The end of each year warrants a look at the key trends that may take hold in the coming months. Mobility, cloud computing, bring-your-own-device (BYOD), and big data topics are clearly influencing the business intelligence industry. However, major market players such as Amazon, Apple, Google, Samsung and others are producing the technology to make these developments possible. The question becomes: are the trends paving the way for these companies to produce the technology, or is the existence of the technology influencing the trends? I believe the latter – that Amazon, Apple, Google and Samsung are the true pioneers of the BI industry.
In 2014, we’re not going to see much in the way of wholly new trends, even though some experts are already forecasting more innovations. Gartner, for example, has singled out voice-controlled BI as a hot topic. However, the idea of being able to control BI processes by voice instead of through user interfaces is more of a fantasy than a realistic business requirement. Instead, the focus for 2014 will be on developments that are already possible and how to integrate these into the corporate IT environment. Big data for one has been a subject of discussion for years. In 2014, there will be more talk about the benefits and value provided by the increasingly larger amounts of data. Primarily though, it is the underlying technical innovations created by industry giants such as Amazon and Apple that are driving the development of BI and the requirements of the market.
Mobile BI Thanks to Tablets and Smartphones
Business Intelligence Trends 2013: The Breakthrough of Do It Yourself BI and the Breakup of Big Databy Markus Gisske
arcplan recently examined the trends that will shape the BI landscape in 2013 – self-service BI, collaboration, and mobile BI. Under the umbrella of Do It Yourself BI (DIY BI), these trends will come to the forefront and big data will lose steam. It might be controversial to say, but we have our reasons.
Enterprises are demanding an increased focus on cost reductions and customer profitability – typically under business users’ purview – which constantly impacts the development of BI as business users are driving future trends. In 2013, business users will demand easier ways to access and analyze data, pushing their employers to purchase the self-service tools that BI vendors have been developing over the past few years and leading to a true breakthrough of DIY BI. Beyond that, the big data challenge has not yet been solved with an easy-to-digest solution, causing a lot of the hype to die down next year (for good reason). Let’s examine these trends further:
DIY BI Part I: Self-Service BI
In the past, BI was limited to a few expert analysts and users in the IT department. No doubt it has come a long way since. More and more BI users are taking over tasks traditionally dominated by IT developers, such as report development, dashboard creation, and ad-hoc reporting. In fact, Forrester Research advocates that 80% of BI tasks should be in the hands of business users themselves – and these business users need easy-to-use interfaces, programming-free BI app creation, the ability to search, write-back and drill-down, and data exploration capabilities.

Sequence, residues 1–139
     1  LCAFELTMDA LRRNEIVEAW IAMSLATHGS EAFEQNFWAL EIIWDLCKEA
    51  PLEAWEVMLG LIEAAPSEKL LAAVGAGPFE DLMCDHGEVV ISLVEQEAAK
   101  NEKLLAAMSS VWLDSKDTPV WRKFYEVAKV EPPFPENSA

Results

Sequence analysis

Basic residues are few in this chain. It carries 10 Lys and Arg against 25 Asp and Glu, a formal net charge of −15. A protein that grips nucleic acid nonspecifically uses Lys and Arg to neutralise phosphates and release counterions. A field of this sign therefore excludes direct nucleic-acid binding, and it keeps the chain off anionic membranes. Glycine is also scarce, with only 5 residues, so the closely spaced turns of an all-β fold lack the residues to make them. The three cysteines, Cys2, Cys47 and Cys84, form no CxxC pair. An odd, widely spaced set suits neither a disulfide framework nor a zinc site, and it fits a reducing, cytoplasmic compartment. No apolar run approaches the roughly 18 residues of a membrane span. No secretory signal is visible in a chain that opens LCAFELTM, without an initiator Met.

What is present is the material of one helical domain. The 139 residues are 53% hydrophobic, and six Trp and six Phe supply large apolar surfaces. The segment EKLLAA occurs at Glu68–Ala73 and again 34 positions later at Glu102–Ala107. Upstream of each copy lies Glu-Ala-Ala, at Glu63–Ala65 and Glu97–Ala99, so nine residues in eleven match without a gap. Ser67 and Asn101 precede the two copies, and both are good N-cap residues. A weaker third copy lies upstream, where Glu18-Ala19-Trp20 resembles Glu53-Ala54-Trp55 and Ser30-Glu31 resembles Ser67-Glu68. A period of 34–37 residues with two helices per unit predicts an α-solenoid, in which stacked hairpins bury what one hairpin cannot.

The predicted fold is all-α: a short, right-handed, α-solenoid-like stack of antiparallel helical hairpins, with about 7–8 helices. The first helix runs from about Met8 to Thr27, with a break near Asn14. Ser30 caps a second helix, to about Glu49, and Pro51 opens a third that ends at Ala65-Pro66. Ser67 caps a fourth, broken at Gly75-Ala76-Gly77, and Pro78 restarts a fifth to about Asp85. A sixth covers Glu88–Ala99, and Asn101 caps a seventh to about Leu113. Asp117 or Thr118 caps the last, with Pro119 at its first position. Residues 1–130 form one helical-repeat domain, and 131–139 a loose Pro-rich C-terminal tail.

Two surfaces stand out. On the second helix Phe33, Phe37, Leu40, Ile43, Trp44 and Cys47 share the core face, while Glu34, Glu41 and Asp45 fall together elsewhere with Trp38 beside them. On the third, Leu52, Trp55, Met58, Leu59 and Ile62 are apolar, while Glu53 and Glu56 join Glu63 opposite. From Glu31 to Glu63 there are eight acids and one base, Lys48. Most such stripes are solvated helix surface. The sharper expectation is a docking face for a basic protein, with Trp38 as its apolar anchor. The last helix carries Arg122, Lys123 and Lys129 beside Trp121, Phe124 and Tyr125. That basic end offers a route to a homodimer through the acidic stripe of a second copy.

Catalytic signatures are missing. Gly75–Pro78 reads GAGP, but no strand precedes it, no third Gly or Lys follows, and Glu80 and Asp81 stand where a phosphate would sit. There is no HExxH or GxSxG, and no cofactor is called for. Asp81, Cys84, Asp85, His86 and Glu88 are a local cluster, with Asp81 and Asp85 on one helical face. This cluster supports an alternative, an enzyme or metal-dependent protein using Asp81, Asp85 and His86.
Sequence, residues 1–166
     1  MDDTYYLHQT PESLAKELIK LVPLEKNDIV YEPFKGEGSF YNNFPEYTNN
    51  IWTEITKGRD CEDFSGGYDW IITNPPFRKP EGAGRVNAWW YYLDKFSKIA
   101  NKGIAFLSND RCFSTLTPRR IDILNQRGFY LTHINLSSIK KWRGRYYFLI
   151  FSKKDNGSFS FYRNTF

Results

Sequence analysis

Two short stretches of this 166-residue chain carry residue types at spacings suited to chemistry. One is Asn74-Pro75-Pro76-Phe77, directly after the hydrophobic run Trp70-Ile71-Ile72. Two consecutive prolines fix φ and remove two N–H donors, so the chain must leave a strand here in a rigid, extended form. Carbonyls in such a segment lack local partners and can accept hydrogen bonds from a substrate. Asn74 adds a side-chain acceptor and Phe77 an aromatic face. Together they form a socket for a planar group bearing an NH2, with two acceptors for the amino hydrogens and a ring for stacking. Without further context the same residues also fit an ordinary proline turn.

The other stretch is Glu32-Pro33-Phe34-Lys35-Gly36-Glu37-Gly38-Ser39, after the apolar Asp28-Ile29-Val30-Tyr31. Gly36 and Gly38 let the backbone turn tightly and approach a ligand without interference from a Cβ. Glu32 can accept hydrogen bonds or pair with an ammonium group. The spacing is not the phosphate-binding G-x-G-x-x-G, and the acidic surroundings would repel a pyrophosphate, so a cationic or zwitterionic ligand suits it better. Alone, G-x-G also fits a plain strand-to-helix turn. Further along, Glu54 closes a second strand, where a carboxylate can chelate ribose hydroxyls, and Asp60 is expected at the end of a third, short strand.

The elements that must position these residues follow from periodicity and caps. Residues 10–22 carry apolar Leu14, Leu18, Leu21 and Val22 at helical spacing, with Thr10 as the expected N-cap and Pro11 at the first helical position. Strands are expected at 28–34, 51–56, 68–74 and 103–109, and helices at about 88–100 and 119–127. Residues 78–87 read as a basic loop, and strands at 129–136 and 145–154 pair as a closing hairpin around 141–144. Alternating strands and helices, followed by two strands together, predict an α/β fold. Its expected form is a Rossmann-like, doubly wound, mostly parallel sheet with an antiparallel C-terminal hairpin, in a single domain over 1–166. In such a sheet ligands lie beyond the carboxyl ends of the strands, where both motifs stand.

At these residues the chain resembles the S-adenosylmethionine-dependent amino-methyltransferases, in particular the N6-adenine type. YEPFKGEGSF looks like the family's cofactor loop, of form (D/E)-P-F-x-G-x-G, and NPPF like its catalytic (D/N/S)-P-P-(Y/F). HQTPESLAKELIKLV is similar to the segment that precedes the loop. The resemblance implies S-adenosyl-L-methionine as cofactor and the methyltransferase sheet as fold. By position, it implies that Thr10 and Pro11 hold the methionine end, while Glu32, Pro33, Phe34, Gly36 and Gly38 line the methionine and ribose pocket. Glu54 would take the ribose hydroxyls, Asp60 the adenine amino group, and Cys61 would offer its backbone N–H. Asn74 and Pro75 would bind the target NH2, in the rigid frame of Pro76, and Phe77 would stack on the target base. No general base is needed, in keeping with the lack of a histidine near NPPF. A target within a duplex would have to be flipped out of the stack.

In 2013, the delays associated with IT will be brushed aside in favor of the speed, control, and rapid access that comes along with self-service BI. The demand will increase for modern ad-hoc tools that allow users to directly tap the corporate data warehouse and provide a high degree of flexibility to slice-and-dice the data for insight on the fly. In-memory technology, advanced visualizations, and the broader emergence of HTML5 will support developers in creating multifaceted web-based apps that run on any device via a standard web browser and offer simple, intuitive self-service features every type of user can enjoy. Users will become more self-sufficient in 2013, able to get the information they need in order to optimize and accelerate their decision making processes.
DIY BI Part II: Collaboration
The BI World is small. Therefore, market news and opinions are dominated by software vendors and industry analysts. No surprise! There are, of course, many tech-savvy people who write about their software of choice and best practices associated with that technology. Technical communities around Microsoft SQL Server and related BI components, for example, are abound. The same is true for open source communities where information sharing is part of their members’ DNA.
However, it is very hard to find truly objective advice and opinions about the marketplace and available tools. On the one hand, this is caused by a wide selection of BI technologies still available today, even after the market consolidation of 2007-2008. You will be hard pressed to find so-called BI specialists who have a good grasp on a broad cross-section of the market segment. On the other hand, there are obvious commercial interests driving news and commentary from market analysts, at the same time providing the manpower to assess the capabilities of the majority of vendors.
How does one follow the trends in the Business Intelligence space? I guess by now everybody uses Google Alerts, RSS Feeds or other commercial intelligence tools to stay abreast on product and market developments. Joining groups on Linkedin or Yahoo are other ways of staying in touch with the BI community. When it comes to analyst blogs, I really enjoy reading the BIScorecard by Cindy Howson. While she apparently has deeper expertise in some technologies, her blog posts are written in an informative and balanced manner. Haven’t read any of her research yet, but that might change :-)
What is your approach to following business intelligence and what blogs do you recommend?